An F-22 Raptor was used to shoot down a high-altitude object over Canada on Feb. 11, 2023.

An F-22 Raptor was used to shoot down a high-altitude object over Canada on Feb. 11, 2023. (Jacob Thompson/U.S. Air Force)

Even small objects can cause massive damage to fast-moving airplanes, aviation experts say, underscoring the inherent risks to pilots and passengers of collisions in the nation’s airspace after three flying objects were shot down over North America since Friday.

It’s a matter of basic physics, experts said: a small mass colliding with a fast-moving plane can create significant destructive energy — and such an encounter could easily lead to disaster, they said.

Federal officials said the object shot down by the U.S. military Sunday over Lake Huron had been traveling at about 20,000 feet. That altitude is commonly used by short-haul commuter and business jets. The object downed Friday over Alaska had been moving at roughly 40,000 feet, where large passenger planes often fly.

“If any of these objects were to get in the way and collide with these aircraft, it would be catastrophic,” said Jeff Guzzetti, a former accident investigator with the Federal Aviation Administration and the National Transportation Safety Board. “You’re talking about flying through the air at hundreds of miles per hour ... It doesn’t take much at those velocities to impart significant structural damage to an airplane.”

Guzzetti pointed to the case of a business jet that crashed near Oklahoma City in 2008, killing the five people on board, after hitting one or more American white pelicans. The birds weigh up to 20 pounds, according to the NTSB, and the collision damaged the wing structure of the Cessna 500. In a collision with a high-speed commercial aircraft, any object that weighs more than about 20 pounds can cause terrible damage, including tearing though an aircraft’s hull, its main structure, he said.

The guiding principle of the U.S. air traffic control system, which helps usher pilots through the world’s busiest airspace, is that there should be clear information about what is flying where to help aircraft of all types and sizes avoid each other.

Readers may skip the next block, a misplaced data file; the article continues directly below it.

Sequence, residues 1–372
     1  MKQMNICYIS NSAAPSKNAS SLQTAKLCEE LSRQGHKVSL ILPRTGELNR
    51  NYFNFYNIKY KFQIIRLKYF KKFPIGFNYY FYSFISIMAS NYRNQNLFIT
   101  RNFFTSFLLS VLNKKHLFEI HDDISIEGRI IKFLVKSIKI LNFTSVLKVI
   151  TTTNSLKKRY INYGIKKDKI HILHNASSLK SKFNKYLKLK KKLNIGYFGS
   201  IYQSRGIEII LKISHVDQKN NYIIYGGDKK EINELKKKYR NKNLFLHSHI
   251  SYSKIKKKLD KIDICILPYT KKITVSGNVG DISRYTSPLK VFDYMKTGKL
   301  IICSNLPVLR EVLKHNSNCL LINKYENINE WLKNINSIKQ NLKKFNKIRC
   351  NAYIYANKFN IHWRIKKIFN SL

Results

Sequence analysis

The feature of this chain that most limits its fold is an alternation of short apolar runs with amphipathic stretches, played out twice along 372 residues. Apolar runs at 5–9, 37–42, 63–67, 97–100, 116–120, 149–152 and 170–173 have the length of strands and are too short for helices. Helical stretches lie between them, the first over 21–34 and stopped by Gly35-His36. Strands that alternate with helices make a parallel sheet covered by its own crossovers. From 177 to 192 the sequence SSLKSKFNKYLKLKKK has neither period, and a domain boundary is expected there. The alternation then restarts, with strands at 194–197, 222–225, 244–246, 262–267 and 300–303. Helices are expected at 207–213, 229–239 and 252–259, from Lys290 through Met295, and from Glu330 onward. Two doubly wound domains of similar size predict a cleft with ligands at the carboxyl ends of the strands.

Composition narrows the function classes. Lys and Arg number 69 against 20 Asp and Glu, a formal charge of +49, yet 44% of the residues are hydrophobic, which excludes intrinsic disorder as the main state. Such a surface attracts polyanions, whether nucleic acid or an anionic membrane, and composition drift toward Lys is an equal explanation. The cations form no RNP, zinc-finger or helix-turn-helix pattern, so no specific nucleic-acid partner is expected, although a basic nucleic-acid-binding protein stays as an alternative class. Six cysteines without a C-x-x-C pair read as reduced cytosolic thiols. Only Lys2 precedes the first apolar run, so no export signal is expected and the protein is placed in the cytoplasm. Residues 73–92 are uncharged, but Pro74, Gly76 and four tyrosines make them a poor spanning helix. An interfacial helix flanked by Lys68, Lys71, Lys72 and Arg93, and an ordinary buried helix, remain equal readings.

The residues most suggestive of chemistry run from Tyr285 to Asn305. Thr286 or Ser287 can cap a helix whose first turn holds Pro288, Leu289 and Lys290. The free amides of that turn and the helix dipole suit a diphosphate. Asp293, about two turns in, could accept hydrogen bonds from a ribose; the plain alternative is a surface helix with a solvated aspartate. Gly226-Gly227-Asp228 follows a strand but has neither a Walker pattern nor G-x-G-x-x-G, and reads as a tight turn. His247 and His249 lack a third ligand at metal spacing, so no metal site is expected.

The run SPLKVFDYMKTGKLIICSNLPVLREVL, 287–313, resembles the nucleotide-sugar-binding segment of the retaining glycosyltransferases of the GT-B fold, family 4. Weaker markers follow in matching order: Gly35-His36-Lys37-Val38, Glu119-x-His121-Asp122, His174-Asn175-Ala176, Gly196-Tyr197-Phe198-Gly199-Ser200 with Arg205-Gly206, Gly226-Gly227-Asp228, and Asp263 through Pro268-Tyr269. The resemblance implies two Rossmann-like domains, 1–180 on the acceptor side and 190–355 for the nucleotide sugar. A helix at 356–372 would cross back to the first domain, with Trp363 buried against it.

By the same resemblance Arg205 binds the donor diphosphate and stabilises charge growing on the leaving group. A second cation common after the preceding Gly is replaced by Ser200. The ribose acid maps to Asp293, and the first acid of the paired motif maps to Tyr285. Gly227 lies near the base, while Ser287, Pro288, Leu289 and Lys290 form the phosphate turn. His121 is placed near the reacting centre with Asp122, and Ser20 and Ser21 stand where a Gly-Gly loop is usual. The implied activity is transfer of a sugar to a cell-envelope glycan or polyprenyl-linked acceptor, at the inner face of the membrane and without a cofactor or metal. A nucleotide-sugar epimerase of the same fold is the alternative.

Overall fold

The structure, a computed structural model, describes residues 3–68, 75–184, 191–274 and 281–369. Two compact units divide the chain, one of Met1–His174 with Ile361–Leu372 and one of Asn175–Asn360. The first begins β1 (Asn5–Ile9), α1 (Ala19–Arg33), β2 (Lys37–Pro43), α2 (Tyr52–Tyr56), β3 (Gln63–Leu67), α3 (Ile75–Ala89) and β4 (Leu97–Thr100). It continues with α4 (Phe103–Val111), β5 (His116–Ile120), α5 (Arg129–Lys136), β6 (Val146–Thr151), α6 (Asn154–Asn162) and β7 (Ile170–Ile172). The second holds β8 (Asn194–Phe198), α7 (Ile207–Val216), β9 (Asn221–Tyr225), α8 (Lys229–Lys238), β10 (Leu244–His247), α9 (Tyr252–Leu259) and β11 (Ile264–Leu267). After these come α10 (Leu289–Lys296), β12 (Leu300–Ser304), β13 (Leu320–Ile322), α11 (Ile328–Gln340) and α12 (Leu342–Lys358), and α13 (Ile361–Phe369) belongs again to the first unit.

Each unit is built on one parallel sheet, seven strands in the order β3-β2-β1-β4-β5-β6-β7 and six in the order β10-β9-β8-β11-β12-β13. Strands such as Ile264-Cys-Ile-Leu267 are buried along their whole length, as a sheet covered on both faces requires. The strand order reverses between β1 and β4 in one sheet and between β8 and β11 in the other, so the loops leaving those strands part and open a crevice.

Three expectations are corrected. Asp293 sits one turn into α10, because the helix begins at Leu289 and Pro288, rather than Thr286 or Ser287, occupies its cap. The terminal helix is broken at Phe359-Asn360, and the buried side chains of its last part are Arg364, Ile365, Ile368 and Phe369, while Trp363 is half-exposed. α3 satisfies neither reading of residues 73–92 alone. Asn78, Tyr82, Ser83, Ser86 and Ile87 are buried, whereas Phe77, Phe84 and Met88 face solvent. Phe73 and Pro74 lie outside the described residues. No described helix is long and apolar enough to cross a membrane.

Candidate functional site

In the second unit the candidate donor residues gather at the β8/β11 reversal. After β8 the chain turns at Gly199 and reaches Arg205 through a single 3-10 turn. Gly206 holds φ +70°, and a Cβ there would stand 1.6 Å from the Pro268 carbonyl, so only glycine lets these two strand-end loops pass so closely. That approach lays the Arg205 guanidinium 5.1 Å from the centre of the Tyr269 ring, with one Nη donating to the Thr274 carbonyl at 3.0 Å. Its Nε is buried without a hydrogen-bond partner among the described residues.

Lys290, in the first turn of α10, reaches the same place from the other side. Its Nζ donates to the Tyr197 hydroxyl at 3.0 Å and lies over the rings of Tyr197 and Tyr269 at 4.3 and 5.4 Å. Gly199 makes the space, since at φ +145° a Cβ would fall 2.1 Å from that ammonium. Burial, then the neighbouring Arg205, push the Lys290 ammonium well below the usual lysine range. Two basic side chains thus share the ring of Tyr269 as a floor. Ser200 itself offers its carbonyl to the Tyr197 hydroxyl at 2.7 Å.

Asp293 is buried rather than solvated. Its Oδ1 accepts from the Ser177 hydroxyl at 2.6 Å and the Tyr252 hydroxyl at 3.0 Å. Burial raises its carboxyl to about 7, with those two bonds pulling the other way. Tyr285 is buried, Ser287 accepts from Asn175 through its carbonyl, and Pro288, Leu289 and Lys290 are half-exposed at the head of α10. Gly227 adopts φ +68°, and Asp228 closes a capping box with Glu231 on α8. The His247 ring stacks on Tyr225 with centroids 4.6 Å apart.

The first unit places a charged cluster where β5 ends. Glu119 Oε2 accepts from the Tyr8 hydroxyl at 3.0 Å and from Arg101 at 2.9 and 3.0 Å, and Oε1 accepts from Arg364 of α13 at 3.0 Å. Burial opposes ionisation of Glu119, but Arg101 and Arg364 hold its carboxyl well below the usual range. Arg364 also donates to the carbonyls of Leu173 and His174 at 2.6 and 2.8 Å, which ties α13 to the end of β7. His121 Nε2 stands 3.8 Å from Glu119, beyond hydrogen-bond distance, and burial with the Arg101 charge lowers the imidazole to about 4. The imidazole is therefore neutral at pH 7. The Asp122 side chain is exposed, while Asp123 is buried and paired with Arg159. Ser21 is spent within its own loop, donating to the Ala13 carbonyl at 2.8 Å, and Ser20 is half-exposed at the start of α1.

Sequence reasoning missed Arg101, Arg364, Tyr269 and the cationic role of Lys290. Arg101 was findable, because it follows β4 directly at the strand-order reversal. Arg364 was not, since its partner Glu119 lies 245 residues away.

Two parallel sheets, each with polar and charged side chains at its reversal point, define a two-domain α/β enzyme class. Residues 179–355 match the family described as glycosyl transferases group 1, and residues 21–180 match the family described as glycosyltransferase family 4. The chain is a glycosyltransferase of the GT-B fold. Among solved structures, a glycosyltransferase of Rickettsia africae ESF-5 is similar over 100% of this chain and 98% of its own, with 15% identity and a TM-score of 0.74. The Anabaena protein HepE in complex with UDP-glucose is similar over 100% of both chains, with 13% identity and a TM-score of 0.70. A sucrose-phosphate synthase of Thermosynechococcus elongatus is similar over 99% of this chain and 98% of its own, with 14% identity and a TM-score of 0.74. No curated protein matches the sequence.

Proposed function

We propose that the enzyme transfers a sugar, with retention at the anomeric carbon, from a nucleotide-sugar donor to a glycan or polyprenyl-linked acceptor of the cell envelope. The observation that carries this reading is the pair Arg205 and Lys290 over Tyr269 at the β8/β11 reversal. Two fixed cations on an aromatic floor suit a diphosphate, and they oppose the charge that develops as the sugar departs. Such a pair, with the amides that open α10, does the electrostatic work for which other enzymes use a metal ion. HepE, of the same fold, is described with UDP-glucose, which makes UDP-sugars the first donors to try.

“Separation” is the aviation safety watchword, and having objects floating willy-nilly through the nation’s highly orchestrated airspace violates basic safety tenets, experts said.

“If they’re not announced, they’re floating obstacles that have the potential to bring down aircraft,” Guzzetti said. “That is just an unacceptable risk.”

Hassan Shahidi, president and chief executive of the nonprofit Flight Safety Foundation, said the risks to large commercial airliners are present at a wide range of altitudes, since they are routinely guided above and below their general cruising levels at the direction of air traffic controllers.

When those controllers clear a pilot to fly anywhere in the nation’s airspace, both parties expect that airspace will be clear, Shahidi said. Any time there’s an object or aircraft outside the normal air surveillance and identification process, “it poses a great danger when it’s floating out there,” Shahidi said.

Defense Department officials said the object downed over Alaska on Friday was “about the size of a small car” and did not resemble “in any way” the Chinese surveillance balloon shot down Feb. 4 off the coast of South Carolina. On Monday, officials said the three objects shot down since Friday, including one over Canada, were smaller and less sophisticated than the surveillance balloon.

“If they’re the size of a small car, that’s not small. That’s very large when we’re talking about commercial airliners,” Shahidi said. “It will basically blow it up. It’s that serious.”

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